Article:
A new study of New York City firefighters has found that exposure to 9/11 World Trade Center (WTC) dust is associated with a significantly increased long-term risk of cardiovascular disease (CVD).
A new study of New York City firefighters has found that exposure to 9/11 World Trade Center (WTC) dust is associated with a significantly increased long-term risk of cardiovascular disease (CVD). The study, conducted by researchers at Albert Einstein College of Medicine, Montefiore Health System, and the Fire Department of the City of New York (FDNY), found that those who arrived first at the WTC site—when the air-borne dust was thickest—have a 44% increased risk of CVD compared to those who arrived later in the day. The study was published online today in JAMA Network Open.
“The increase in risk was significant, even taking into account known CVD risk factors such as age, hypertension, elevated cholesterol, diabetes, and smoking,” said study leader David J. Prezant, M.D., a professor of medicine at Einstein, a pulmonary disease specialist at Montefiore, and chief medical officer of the FDNY.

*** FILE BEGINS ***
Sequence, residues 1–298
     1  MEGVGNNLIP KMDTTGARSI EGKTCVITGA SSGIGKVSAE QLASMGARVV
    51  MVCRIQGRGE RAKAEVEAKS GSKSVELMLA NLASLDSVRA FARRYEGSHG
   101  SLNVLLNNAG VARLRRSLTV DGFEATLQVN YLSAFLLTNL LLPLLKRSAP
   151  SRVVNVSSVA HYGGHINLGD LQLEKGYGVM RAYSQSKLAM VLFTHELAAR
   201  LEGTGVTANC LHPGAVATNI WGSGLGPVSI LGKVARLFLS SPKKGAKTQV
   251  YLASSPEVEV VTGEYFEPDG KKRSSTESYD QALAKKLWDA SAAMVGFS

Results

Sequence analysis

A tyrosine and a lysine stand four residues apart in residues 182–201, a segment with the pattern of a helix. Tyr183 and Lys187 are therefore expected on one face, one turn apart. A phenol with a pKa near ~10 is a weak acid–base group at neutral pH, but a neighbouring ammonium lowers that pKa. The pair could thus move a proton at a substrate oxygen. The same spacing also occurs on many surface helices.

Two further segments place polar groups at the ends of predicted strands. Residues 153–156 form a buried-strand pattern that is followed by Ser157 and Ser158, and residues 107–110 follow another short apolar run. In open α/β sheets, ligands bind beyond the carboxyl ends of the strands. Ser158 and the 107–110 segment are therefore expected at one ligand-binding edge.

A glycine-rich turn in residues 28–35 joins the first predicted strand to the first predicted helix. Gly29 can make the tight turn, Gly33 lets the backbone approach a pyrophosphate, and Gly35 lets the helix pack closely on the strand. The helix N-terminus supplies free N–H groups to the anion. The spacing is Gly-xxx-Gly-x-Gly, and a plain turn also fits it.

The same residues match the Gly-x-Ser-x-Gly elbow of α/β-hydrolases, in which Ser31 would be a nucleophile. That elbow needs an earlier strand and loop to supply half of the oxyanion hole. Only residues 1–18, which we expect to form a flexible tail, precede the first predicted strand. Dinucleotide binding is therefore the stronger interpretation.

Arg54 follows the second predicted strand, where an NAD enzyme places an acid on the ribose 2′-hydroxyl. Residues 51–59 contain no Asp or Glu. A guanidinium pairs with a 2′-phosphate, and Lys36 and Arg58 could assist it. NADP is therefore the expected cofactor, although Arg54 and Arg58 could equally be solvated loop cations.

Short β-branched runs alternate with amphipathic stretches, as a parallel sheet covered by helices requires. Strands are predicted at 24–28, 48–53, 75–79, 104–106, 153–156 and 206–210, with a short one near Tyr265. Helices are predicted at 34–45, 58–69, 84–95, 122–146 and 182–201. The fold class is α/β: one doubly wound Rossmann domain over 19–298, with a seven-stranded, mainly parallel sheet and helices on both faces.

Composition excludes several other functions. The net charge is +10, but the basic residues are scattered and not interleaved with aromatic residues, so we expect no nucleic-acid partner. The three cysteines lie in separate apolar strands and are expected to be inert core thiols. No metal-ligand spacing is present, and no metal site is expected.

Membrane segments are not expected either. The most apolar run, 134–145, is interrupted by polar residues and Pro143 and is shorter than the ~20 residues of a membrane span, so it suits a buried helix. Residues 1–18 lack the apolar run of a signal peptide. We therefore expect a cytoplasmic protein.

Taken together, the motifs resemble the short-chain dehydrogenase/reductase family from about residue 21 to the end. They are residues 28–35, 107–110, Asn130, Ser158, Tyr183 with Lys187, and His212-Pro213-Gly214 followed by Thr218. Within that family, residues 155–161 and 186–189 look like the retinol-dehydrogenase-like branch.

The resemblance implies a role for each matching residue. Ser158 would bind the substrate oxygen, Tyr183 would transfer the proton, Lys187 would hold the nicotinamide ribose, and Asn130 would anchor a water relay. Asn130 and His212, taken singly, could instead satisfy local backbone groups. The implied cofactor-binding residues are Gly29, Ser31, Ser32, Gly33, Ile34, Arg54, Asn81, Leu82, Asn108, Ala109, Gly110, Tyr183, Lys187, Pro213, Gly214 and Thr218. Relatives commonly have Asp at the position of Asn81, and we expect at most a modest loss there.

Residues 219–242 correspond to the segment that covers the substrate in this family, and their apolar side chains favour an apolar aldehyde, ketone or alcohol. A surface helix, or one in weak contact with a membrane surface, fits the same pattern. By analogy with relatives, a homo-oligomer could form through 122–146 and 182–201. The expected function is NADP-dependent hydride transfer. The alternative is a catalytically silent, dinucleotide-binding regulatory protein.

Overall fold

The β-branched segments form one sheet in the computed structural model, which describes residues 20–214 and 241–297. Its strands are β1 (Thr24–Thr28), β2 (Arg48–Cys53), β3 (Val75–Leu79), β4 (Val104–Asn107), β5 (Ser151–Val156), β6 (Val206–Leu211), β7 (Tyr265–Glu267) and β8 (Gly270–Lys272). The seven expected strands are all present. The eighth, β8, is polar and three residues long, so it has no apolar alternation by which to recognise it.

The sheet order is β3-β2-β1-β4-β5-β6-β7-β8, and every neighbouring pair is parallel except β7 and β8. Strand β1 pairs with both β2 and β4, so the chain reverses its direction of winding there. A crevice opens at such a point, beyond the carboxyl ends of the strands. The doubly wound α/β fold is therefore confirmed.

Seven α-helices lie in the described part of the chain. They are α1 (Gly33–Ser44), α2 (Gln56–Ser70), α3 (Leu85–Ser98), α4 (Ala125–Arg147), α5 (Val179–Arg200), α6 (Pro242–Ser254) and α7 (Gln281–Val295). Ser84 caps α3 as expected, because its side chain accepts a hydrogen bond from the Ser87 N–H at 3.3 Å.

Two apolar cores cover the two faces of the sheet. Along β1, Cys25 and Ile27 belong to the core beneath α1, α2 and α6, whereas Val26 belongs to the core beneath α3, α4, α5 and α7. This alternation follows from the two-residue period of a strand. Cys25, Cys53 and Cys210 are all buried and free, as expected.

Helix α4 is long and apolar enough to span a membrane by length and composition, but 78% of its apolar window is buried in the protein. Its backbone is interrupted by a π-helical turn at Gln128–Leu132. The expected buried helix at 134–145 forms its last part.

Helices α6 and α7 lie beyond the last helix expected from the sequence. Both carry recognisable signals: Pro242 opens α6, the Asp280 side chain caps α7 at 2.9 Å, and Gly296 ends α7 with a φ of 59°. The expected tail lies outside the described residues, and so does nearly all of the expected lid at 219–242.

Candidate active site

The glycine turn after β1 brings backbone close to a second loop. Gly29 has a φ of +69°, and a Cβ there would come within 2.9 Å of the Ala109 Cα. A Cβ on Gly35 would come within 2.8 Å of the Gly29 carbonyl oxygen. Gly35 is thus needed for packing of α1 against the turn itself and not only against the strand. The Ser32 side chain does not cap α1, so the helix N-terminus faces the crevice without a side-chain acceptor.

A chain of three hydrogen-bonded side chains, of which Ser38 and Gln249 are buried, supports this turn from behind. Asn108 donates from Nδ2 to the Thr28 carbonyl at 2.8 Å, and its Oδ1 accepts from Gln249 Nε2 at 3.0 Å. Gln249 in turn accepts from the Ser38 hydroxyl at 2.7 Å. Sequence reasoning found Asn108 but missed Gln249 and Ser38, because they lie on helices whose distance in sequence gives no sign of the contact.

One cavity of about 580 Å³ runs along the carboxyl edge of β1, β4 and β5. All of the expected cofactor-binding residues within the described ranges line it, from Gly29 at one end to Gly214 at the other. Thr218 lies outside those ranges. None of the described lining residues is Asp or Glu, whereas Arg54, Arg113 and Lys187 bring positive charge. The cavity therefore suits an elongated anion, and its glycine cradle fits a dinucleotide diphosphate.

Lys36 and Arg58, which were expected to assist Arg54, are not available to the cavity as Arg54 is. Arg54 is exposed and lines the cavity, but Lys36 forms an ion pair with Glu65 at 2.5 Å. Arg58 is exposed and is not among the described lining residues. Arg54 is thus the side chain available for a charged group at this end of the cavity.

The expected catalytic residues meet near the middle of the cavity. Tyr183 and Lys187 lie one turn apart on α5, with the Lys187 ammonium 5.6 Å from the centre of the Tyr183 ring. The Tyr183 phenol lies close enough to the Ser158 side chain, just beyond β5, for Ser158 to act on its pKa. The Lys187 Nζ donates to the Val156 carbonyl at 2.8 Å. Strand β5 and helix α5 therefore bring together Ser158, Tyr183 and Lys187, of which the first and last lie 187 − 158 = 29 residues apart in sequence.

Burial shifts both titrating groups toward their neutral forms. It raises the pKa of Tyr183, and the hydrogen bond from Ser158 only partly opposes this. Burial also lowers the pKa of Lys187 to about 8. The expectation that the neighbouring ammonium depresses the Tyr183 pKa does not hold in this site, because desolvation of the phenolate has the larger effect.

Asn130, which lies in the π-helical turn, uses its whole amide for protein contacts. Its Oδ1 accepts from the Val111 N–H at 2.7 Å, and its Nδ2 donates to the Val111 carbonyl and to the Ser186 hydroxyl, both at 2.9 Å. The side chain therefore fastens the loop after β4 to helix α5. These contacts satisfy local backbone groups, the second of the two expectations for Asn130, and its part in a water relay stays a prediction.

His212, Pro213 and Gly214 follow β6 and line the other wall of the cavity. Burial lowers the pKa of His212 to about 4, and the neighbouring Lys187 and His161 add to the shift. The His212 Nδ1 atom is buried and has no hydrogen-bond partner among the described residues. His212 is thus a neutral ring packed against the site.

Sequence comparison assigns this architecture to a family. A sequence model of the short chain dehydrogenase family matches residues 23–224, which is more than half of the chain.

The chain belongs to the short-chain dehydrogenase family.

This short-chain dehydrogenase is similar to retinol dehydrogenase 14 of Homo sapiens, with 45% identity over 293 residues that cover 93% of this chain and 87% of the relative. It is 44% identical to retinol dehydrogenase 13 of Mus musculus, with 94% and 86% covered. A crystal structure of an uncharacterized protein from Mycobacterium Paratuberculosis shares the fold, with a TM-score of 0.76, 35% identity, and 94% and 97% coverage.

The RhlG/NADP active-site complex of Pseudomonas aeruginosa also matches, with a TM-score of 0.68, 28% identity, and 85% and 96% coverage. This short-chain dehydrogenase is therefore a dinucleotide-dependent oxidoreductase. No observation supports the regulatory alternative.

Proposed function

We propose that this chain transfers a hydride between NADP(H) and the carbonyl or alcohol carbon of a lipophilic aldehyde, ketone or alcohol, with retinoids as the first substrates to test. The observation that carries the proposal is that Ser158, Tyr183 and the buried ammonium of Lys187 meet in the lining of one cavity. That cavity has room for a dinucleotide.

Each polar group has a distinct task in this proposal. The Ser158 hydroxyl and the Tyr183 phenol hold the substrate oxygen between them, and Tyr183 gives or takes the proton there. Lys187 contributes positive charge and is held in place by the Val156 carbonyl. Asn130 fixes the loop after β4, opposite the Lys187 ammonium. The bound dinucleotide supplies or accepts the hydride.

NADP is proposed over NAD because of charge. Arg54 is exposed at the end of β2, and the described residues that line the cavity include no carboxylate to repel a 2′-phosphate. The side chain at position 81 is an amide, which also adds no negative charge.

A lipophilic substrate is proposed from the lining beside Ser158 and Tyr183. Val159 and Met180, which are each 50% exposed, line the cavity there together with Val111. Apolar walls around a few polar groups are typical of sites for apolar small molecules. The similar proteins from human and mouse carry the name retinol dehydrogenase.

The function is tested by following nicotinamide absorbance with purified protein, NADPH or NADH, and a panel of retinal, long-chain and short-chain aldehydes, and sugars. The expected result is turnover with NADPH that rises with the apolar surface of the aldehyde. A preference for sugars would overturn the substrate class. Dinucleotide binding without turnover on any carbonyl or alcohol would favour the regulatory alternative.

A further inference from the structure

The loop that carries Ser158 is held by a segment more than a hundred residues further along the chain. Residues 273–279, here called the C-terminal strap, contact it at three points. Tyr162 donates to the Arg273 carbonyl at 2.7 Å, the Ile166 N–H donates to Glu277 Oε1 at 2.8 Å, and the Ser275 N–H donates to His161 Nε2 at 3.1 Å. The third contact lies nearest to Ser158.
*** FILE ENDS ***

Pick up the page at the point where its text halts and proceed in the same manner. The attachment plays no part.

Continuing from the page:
This study’s finding of an increased risk of CVD with WTC exposure—as well as the researchers’ earlier studies identifying an increased risk for autoimmune rheumatologic diseases and for a blood cancer precursor that can lead to the cancer multiple myeloma—“highlights the need to add these health conditions to the list of WTC-related diseases that are coverable under the James L. Zadroga 9/11 Health and Compensation Act,” Dr. Prezant added.
Studies have repeatedly shown that WTC exposure is associated with immediate and long-term risk of adverse health effects, including respiratory problems, post-traumatic stress disorder (PTSD), and several types of cancer. A few studies have examined the association between WTC exposure and CVD. However, the results were inconsistent for a variety of reasons, primarily because they relied on first responders’ self-reported health measures.
Read more at Albert Einstein College of Medicine
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